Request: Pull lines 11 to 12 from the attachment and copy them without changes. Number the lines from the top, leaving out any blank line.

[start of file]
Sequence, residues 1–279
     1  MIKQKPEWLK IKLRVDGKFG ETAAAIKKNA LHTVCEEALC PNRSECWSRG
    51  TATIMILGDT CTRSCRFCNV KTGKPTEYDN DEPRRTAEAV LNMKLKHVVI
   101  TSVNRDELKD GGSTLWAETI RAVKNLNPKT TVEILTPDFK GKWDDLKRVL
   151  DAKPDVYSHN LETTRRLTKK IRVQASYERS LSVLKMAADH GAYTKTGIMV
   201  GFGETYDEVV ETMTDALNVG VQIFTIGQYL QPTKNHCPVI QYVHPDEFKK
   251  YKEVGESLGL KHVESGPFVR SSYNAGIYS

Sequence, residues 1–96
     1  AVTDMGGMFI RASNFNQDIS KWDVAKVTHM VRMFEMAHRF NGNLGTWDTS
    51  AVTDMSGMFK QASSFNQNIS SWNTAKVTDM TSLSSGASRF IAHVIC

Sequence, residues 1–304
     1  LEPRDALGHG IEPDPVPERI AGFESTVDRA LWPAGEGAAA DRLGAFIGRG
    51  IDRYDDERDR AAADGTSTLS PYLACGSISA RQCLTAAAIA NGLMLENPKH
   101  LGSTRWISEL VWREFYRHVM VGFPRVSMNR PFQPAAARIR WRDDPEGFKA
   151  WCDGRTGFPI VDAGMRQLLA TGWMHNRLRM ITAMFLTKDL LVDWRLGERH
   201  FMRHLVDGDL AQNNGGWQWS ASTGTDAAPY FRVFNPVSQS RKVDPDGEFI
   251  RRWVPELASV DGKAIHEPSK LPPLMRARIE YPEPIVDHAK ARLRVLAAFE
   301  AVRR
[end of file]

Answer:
Sequence, residues 1–304
     1  LEPRDALGHG IEPDPVPERI AGFESTVDRA LWPAGEGAAA DRLGAFIGRG